Having recently taken to wingsurfing, I’ve been going through a similar learning curve as many who have posted their experiences on social media sites. You start with some variation of a beginner setup like a big board (F-One Rocket SUP 7’6” SUP 120L), big wing foil (F-One Gravity 1800 or 2200) and medium wing (F-One Swing 4.2) with a good amount of wind. So first time out, yes, the SUP was relatively easy to get up foiling on but I found it hard to manage overall.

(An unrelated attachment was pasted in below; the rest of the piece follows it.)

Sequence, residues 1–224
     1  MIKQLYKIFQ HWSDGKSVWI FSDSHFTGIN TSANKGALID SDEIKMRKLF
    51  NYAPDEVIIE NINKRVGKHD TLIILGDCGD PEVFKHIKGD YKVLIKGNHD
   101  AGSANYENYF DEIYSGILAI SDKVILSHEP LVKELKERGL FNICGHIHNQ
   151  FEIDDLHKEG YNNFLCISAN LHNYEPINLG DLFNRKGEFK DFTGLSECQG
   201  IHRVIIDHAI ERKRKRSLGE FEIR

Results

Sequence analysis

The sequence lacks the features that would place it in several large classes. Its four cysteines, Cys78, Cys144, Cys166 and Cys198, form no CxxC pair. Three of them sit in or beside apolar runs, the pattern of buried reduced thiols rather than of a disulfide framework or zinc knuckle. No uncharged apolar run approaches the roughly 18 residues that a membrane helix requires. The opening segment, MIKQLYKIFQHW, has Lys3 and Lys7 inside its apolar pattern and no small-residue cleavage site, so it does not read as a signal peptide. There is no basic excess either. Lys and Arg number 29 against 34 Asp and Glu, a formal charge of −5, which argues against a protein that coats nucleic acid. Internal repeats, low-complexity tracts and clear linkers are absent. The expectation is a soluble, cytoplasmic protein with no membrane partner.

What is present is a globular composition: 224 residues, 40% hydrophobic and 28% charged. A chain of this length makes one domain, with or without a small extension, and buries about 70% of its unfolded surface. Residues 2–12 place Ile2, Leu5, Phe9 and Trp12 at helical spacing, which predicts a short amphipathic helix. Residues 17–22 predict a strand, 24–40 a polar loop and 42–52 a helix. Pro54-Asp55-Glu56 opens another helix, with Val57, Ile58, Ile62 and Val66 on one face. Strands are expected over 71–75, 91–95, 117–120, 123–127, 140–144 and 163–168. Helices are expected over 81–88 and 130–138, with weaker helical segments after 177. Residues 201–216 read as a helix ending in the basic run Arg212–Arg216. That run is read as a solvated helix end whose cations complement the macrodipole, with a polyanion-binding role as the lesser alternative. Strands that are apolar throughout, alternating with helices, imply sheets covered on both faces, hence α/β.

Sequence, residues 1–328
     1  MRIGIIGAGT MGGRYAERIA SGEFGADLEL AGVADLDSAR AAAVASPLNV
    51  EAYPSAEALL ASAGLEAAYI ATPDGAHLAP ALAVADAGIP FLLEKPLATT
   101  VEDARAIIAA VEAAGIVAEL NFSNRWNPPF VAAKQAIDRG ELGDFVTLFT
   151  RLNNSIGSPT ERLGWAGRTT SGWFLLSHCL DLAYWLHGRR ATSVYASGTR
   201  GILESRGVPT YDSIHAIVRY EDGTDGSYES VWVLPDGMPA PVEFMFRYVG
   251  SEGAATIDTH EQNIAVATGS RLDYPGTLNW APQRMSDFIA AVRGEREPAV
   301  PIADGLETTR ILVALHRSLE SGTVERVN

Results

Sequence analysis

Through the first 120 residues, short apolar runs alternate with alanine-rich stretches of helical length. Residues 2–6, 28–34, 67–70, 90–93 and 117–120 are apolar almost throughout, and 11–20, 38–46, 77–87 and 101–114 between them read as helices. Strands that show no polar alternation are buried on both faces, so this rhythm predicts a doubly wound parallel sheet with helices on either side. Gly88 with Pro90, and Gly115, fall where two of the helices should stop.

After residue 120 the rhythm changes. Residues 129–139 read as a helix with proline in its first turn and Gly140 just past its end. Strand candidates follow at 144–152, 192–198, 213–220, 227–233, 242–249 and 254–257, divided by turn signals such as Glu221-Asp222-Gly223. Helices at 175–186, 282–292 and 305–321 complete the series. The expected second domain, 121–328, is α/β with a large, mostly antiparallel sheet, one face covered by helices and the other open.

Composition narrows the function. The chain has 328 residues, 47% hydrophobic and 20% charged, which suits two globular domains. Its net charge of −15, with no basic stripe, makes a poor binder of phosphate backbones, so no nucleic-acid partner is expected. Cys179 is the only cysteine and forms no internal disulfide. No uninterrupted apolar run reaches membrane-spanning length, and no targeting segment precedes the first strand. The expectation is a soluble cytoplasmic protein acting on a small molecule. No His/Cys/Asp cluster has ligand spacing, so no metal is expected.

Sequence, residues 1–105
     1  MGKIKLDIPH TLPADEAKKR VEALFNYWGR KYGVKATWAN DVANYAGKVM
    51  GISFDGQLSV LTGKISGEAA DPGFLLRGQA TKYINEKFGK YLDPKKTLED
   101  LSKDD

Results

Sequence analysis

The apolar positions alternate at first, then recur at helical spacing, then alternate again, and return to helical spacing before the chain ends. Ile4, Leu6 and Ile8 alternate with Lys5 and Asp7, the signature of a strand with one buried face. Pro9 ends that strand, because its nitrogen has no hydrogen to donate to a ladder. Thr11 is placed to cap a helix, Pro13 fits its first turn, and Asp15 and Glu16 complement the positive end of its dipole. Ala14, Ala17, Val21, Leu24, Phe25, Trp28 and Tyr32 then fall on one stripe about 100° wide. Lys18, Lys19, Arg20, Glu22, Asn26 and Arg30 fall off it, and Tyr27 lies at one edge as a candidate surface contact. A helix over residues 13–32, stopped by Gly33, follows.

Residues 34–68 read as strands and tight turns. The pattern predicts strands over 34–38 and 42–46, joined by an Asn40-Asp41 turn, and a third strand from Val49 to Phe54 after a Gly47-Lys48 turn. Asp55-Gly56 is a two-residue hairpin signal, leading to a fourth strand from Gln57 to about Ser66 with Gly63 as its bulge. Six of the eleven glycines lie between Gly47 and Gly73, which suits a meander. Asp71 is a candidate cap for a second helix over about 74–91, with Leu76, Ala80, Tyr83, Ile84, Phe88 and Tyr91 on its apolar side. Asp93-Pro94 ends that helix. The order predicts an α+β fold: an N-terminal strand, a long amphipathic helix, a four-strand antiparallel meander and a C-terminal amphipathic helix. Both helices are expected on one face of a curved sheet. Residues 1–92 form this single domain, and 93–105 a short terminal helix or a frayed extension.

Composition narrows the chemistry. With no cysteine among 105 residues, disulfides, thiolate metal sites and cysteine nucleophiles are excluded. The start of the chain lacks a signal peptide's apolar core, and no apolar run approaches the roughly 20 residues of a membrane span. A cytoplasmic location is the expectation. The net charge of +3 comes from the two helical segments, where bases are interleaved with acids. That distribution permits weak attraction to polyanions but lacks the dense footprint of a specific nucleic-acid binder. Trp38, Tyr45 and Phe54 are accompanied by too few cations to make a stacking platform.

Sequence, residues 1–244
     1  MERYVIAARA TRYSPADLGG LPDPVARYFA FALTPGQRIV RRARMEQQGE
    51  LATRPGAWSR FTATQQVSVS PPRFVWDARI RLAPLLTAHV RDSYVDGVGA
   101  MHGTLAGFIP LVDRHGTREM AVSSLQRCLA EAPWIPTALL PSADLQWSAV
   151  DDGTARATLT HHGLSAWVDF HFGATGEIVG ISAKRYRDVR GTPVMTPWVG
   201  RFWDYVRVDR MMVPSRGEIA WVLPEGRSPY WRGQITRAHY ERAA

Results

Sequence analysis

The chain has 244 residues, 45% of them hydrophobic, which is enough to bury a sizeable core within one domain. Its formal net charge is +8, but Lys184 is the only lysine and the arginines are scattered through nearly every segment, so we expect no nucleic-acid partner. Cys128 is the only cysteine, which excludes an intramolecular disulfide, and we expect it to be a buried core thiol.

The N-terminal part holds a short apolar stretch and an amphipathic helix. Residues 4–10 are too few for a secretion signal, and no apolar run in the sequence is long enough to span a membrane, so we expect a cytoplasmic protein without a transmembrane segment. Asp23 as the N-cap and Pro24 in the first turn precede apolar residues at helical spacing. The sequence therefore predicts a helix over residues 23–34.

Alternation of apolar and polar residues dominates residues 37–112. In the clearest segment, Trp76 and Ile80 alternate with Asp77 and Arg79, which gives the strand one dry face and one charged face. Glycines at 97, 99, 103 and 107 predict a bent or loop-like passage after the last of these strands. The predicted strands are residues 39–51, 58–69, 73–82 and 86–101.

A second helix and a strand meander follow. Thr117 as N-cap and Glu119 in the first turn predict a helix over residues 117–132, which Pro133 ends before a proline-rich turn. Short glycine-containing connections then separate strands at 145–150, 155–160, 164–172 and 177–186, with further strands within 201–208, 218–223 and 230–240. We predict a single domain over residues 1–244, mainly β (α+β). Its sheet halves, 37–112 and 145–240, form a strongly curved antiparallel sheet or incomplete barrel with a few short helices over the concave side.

Hauling it up the beach, getting through the surf and the sheer size of the board 7’6” made for a lot of forward weight that had to be counter balanced by the foil underneath the water making it almost a bit counterintuitive and constantly requiring small weight shifts to keep foiling. I’m around 165lbs, live in Santa Cruz, am a decent surfer, an average kite foiler and ok prone (surf) foiler so some of those background skills helped to get foiling quickly on the SUP. Although I was struggling with switching stance which kept me from making any huge gains back upwind. After making a few runs on the larger SUP board I wanted to try something closer to the other end of the spectrum, a 42L custom “sinker” that I used for surf foiling. After all, I’ve surfed forever, have reasonable prone surf skills and know how to kite foil fairly competently so how hard could it be? The answer, very frustrating. But like many of us I don’t give up easily so I made a commitment to keep going on the shorter board no matter what. I’d already swore to myself that I wouldn’t carry that behemoth SUP back upwind so I’m sticking to the smaller board until I get it nailed. A few days at my local beach and several long attempts made, I found myself struggling all the way down the beach (frequently cursing) until one moment just before giving up for the day a big puff pulled me up and I was going. Nirvana! A board that was short enough to turn, easier to make tacks on and had a couple good glides down some swells with the iconic finger dangle of the Swing in front of me. It felt so much better than being on that boat SUP. So the next few sessions were spent trying to reproduce that one amazing water start in order to get more of that adrenaline feeling of being free on the foil with just the Swing. My shins and legs bruised and physically tired each day from all the failed attempts I continued to keep at it and not give up. This sport is really addictive and it’s interesting the pains you’ll go through to get more foil time.